This article examines strategic behavior of e-Service suppliers that offer electronic services in complex Service Value Networks (SVNs). In SVNs, consumers request a bundle of e-Services, and the SVN acts as an aggregator of single service instances, automatically configuring services from different e-Service suppliers into a complex service bundle, which is then offered to the consumers. In this context, e-Service suppliers who want to maximize their business success need to configure their services according to the (for them unknown) preferences of the consumers. Current literature, however, does not offer much guidance on how to find a fitting service offer in this situation, especially when the suppliers are faced with a changing consumer base. For this reason, we study two specific learning regimes that are able to capture and deal with the inherent complexity of the corresponding strategy space. Besides finding beneficial service offers, e-Service suppliers might also learn collusive behavior if it aligns with individual incentives. The potential occurrence of such behavior is the second aim of our work. Our results show that even with relatively simple learning regimes, e-Service suppliers are able to find beneficial offers and learn to collude tacitly (and presumably legally), which increases their profits.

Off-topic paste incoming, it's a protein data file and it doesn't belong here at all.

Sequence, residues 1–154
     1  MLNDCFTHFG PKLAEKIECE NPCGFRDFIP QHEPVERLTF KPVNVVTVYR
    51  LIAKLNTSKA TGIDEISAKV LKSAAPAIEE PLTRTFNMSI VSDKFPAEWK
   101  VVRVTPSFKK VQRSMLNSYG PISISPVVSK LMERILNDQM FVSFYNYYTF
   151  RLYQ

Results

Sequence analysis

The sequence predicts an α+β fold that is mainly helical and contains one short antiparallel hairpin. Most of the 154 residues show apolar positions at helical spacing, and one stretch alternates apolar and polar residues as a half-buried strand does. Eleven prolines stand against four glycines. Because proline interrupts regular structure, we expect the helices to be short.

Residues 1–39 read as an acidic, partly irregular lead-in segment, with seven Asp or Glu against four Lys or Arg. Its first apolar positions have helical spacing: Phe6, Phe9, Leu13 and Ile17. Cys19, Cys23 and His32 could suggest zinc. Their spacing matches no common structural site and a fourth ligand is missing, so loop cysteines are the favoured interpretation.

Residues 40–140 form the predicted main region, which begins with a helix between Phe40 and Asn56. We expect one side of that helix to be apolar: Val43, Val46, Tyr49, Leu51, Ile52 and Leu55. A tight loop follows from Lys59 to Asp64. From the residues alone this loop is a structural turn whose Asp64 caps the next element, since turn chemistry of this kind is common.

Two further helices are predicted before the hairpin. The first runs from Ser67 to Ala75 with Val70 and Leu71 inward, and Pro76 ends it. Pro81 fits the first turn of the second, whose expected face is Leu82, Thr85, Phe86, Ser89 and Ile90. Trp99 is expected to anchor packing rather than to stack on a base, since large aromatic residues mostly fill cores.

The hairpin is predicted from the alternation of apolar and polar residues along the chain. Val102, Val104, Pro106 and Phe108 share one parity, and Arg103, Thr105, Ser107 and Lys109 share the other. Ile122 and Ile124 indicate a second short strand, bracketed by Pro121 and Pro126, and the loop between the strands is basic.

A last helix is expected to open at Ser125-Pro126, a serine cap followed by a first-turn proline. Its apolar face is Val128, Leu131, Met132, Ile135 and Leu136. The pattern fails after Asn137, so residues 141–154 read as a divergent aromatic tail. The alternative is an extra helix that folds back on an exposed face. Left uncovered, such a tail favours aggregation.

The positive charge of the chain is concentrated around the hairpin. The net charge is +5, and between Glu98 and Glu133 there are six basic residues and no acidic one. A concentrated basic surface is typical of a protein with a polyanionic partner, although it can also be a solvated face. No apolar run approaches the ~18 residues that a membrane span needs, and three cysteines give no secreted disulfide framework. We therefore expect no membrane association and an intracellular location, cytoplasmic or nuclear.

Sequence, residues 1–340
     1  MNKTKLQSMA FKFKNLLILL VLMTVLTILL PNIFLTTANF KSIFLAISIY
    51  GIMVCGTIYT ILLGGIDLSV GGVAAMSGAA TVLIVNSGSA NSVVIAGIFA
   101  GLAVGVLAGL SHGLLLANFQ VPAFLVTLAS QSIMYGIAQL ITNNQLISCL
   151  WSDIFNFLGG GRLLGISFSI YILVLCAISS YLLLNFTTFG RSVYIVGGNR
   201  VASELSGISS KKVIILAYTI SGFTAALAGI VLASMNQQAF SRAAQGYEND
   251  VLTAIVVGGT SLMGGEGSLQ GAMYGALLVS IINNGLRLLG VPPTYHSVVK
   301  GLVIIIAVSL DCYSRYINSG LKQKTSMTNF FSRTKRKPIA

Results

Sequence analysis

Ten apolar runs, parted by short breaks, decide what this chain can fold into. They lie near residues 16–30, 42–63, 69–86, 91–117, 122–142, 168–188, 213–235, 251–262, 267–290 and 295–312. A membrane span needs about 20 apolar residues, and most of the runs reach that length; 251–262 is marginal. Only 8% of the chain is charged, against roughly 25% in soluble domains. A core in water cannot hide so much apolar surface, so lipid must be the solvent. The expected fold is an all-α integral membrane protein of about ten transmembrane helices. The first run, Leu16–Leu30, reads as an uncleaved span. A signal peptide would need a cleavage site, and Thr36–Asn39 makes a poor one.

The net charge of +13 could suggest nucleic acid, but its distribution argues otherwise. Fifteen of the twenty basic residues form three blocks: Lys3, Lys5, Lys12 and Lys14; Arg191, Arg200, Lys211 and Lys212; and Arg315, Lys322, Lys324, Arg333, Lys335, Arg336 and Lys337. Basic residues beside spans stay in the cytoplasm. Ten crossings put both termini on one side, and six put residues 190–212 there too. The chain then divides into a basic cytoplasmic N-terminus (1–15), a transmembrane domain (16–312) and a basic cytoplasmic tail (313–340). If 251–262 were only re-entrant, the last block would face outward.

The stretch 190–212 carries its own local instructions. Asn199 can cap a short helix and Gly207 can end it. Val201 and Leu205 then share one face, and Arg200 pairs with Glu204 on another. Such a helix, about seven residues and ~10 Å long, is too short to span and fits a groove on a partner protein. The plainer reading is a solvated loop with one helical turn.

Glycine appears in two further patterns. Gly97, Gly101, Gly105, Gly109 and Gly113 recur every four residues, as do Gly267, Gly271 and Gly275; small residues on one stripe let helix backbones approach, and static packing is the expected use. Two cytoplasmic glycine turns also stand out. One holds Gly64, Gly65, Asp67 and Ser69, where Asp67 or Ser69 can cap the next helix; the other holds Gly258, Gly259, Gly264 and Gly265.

- multiagent systems
- service value networks
- strategic learning
ASJC Scopus subject areas
- Information Systems
- Sociology and Political Science
- Organizational Behavior and Human Resource Management